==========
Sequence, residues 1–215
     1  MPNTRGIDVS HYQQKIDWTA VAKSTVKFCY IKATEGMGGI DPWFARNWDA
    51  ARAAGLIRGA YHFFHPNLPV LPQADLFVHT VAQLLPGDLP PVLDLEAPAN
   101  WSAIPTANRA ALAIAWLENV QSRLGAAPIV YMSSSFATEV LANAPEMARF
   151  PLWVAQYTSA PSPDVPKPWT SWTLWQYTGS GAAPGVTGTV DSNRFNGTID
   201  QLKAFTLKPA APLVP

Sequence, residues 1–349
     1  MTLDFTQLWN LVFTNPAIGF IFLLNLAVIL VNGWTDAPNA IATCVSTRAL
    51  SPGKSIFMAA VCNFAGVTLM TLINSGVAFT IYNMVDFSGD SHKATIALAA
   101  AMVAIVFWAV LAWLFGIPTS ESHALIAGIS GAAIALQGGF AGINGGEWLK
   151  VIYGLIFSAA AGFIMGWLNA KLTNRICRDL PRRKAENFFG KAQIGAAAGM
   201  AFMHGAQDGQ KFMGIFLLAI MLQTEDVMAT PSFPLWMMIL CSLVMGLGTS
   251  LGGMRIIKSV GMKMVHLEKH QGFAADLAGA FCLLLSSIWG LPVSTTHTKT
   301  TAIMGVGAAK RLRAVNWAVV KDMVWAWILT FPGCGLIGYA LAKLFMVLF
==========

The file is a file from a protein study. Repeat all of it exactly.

Sequence, residues 1–215
     1  MPNTRGIDVS HYQQKIDWTA VAKSTVKFCY IKATEGMGGI DPWFARNWDA
    51  ARAAGLIRGA YHFFHPNLPV LPQADLFVHT VAQLLPGDLP PVLDLEAPAN
   101  WSAIPTANRA ALAIAWLENV QSRLGAAPIV YMSSSFATEV LANAPEMARF
   151  PLWVAQYTSA PSPDVPKPWT SWTLWQYTGS GAAPGVTGTV DSNRFNGTID
   201  QLKAFTLKPA APLVP

Sequence, residues 1–349
     1  MTLDFTQLWN LVFTNPAIGF IFLLNLAVIL VNGWTDAPNA IATCVSTRAL
    51  SPGKSIFMAA VCNFAGVTLM TLINSGVAFT IYNMVDFSGD SHKATIALAA
   101  AMVAIVFWAV LAWLFGIPTS ESHALIAGIS GAAIALQGGF AGINGGEWLK
   151  VIYGLIFSAA AGFIMGWLNA KLTNRICRDL PRRKAENFFG KAQIGAAAGM
   201  AFMHGAQDGQ KFMGIFLLAI MLQTEDVMAT PSFPLWMMIL CSLVMGLGTS
   251  LGGMRIIKSV GMKMVHLEKH QGFAADLAGA FCLLLSSIWG LPVSTTHTKT
   301  TAIMGVGAAK RLRAVNWAVV KDMVWAWILT FPGCGLIGYA LAKLFMVLF